When I was a student, the classical world - everything from Gilgamesh to the Dark Ages - bored me silly. I didn't see the people of Greece and Rome as human beings. No, they were teachers, people who wanted me to do better. It never occurred to me that they had no idea that we were (and are) their future. I really thought they knew. The teachers did, of course.

I did everything I could think of to reduce my exposure to classical antiquity. This was largely a matter of avoiding Latin classes. But by the time I got to prep school, I was already sufficiently dubious about my resistance to buy a Latin textbook and try to teach myself something on the side. Nowadays, of course, I am sickened by the thought of the legacy that I might have enjoyed (just as I enjoy the legacy of France's Grand Siècle). But I regarded myself  as very clever when I was in school.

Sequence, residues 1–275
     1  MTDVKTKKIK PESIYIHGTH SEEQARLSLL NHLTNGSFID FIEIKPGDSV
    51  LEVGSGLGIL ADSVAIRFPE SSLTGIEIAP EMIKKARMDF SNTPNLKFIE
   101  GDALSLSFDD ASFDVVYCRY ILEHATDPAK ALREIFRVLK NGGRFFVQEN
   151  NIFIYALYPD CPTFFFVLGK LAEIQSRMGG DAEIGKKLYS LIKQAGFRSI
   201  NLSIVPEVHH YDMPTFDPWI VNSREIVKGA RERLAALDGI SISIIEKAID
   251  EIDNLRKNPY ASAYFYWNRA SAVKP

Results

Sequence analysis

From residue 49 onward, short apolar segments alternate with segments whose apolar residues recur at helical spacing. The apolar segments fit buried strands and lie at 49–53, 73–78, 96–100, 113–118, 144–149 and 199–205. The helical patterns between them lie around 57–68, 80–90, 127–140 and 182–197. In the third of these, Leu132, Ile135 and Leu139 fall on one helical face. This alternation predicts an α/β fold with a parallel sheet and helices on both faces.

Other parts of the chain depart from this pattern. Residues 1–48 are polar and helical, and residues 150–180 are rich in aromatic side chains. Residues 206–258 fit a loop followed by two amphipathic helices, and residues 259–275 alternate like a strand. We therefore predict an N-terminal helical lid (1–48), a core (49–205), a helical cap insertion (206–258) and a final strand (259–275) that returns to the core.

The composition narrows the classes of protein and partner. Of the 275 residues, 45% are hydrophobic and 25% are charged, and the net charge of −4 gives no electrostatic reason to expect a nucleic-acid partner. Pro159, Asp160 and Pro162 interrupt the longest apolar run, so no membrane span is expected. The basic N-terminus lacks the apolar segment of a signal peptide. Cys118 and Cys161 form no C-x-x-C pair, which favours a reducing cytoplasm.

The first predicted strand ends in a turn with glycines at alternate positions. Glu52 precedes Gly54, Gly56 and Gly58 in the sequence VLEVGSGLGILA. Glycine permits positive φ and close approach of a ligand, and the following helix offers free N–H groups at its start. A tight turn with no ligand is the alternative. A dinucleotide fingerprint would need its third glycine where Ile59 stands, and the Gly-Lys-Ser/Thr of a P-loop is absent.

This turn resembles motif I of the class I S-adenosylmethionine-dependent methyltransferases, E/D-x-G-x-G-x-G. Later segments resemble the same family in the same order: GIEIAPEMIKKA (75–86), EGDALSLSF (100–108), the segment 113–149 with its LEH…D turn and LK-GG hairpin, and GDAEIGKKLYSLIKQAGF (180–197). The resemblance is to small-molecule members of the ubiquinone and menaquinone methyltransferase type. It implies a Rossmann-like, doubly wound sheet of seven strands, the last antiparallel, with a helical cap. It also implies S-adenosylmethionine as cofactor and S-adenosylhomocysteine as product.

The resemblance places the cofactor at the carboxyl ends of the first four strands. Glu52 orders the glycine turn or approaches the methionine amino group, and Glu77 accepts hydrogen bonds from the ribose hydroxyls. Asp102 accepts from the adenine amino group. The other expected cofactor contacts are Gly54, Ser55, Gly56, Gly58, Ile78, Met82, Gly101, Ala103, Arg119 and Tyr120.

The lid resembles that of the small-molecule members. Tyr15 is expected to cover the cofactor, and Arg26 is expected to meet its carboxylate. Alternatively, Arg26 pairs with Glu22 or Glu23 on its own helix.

The Classical World.

February 19, 2007

Books on Monday: Fire in the City

Anybody with an interest in history will know "who Savonarola was," but what does this mean? Yes, he's the "Bonfire of the Vanities" guy who inspired Florentines to burn their gewgaws at Carnival - an improvement over the regular custom of throwing rocks at people. But thinking about Savonarola means trying to think fifteenth-century thoughts - trying to see the world without our far more reflective and knowingly psychological habits of mind. In his new book, Fire in the City, Lauro Martines does a very good job of teaching us how to do pull this off.

Read about Fire in the City at Portico.

September 25, 2006